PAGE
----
Then a session on Rails deployment with jRuby. jRuby on Rails lets you take advantage of the multi-threading in the JVM so you can run multiple Rails instances within one VM (rather than the conventional multiple processes.) There's a new tool called Warbler that makes it really easy to do the deployment on jRuby.

And if you want to make deployment really easy you can use Heroku - a Rails "hosting" solution that uses Amazon EC2 and S3 to scale up and down as your traffic requires. Very cool. We use S3 and have been pretty happy with it. Currently we're running our own Rails server for eTrux, but it's a hassle and it would be nice to have it hosted.

Then another session on jRuby by Ola Bini - more general but still interesting

My final session was a comparison of Ruby testing frameworks, primarily Test/Unit, Rspec, and Shoulda. I thought I might pick up some new ideas but they're all pretty similar, nothing too exciting.

Kent Beck gave the keynote at the end of the day. He talked about three "big ideas" he's been involved in - patterns, test driven development, and XP/Agile. I've heard him speak before and he's worth listening to.

When I first starting going to conferences a few years ago I felt under-privileged because I didn't have a Mac laptop like the cool people. Now it's not just the cool people - it's virtually everyone that has a Mac laptop - even me! But I still feel under-privileged because now everyone has MacBook Pro's and I only have a regular MacBook. One guy that sat down next to me even commented "oh, you have one of those old Macs". (Actually, they're not that "old" - they're still being sold, but I got the point.) There weren't many of the new Mac Air laptops - they're probably a little underpowered for this kind of programmer crowd.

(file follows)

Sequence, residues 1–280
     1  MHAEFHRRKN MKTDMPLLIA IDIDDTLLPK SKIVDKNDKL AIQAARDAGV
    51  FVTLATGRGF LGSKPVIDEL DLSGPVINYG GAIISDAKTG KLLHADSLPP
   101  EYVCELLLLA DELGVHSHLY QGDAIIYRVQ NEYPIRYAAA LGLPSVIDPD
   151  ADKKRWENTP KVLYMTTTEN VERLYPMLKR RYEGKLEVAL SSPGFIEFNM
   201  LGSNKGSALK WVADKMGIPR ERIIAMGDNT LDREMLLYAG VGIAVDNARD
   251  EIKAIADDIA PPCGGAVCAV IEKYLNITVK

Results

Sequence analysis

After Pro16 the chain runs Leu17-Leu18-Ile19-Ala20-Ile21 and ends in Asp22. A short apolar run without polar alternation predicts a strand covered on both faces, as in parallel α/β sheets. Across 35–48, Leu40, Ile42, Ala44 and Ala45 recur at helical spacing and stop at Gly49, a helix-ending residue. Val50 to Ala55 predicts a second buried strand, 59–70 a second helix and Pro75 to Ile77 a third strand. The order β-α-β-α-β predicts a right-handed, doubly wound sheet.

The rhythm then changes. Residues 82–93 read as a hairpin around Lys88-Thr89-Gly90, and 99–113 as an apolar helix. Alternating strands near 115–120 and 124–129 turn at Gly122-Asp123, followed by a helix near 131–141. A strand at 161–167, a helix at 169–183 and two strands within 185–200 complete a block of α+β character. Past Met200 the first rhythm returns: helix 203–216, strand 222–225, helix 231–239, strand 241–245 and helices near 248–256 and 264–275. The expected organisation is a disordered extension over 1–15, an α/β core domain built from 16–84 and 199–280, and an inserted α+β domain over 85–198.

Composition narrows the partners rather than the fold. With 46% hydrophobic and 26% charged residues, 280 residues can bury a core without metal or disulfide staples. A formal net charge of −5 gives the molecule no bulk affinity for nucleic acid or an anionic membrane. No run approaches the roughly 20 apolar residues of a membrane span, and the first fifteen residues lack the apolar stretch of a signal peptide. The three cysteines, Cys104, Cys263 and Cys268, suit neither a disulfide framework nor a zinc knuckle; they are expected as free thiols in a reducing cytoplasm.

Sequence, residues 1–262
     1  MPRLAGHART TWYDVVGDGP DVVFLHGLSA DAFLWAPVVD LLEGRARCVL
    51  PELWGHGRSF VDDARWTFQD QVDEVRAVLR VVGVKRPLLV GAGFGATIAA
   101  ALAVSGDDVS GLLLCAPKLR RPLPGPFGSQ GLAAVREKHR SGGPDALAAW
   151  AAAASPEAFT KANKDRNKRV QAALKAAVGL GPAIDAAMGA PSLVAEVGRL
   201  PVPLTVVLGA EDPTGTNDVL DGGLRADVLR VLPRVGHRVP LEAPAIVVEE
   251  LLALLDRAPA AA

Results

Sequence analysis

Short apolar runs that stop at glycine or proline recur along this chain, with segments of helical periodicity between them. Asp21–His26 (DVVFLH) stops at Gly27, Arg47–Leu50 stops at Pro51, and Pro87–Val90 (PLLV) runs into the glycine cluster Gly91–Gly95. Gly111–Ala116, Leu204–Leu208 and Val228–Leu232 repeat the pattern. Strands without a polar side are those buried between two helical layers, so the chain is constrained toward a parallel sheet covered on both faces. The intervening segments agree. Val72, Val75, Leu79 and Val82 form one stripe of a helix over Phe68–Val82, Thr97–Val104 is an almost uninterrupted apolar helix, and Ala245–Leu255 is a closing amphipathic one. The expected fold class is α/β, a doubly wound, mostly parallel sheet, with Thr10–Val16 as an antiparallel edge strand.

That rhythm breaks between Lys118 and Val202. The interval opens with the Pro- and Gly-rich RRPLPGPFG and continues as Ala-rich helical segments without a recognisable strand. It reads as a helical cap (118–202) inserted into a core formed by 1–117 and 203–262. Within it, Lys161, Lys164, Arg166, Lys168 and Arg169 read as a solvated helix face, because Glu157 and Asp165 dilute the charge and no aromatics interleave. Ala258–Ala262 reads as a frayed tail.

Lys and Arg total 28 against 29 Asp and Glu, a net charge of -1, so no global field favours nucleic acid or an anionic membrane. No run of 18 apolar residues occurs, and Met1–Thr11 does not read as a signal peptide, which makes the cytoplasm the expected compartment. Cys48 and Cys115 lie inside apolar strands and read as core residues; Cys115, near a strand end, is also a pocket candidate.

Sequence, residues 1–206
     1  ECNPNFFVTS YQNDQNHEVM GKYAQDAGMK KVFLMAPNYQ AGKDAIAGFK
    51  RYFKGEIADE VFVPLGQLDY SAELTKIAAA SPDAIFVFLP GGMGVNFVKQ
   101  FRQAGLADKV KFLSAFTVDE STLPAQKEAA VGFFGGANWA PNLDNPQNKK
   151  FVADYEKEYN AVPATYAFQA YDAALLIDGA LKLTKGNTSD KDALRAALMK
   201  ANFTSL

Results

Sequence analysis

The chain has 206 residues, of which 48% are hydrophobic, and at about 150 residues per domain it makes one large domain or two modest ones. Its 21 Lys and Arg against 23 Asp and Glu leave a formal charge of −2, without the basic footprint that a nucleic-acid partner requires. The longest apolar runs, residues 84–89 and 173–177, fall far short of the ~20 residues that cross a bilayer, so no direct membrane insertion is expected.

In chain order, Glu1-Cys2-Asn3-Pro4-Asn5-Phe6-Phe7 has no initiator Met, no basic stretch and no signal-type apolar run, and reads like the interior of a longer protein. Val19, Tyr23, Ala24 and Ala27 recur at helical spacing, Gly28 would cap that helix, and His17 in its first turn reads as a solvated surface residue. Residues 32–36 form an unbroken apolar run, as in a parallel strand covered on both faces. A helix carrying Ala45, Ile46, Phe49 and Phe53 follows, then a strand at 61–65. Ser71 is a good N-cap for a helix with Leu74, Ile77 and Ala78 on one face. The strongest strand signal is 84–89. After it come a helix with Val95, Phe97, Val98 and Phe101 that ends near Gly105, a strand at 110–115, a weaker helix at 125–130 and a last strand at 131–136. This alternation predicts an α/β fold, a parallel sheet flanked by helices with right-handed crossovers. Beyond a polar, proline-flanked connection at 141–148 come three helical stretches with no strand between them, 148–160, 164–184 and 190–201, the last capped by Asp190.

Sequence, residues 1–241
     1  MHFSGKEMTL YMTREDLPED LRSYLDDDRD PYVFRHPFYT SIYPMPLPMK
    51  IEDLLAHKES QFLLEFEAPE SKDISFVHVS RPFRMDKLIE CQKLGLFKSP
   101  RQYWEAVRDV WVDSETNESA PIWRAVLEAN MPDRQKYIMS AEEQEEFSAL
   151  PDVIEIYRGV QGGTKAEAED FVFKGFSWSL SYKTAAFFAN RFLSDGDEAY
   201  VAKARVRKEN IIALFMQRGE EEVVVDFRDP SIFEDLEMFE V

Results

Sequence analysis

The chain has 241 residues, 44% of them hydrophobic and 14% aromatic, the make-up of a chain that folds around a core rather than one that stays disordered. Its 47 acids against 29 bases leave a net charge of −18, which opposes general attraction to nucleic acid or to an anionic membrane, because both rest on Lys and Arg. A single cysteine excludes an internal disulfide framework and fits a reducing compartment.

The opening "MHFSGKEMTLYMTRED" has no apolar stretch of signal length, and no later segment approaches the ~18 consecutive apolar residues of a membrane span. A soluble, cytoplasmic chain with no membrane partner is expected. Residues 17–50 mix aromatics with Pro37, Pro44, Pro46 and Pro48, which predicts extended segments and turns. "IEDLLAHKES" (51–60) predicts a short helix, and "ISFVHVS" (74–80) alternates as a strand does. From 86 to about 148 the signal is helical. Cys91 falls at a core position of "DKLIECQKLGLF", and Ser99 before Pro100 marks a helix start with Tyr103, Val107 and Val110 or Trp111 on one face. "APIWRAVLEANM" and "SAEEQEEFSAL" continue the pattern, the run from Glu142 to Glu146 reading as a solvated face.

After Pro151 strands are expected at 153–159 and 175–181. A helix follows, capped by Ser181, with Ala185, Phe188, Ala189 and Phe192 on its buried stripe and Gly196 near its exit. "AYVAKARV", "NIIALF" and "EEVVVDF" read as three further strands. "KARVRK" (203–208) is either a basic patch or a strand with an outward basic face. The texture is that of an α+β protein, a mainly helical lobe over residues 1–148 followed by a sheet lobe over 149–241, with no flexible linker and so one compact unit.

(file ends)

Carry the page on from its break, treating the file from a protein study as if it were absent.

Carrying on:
I'm enjoying this conference more than I expected. The sessions have been varied enough that I can find stuff that I'm interested in. It's a pretty young group - both the presenters and the attendees. And there seems like a lot of energy and enthusiasm.

One thing that has struck me is just how rich and varied the software ecosystem is becoming. So many products - several in every niche it seems. maybe that's partly a result of how much lower the barrier to entry is. One or two people can produce a lot these days. And with the internet, they can spread the word about what they've done. It makes it a little confusing, but the end result is that there is an amazing amount of amazing stuff out there.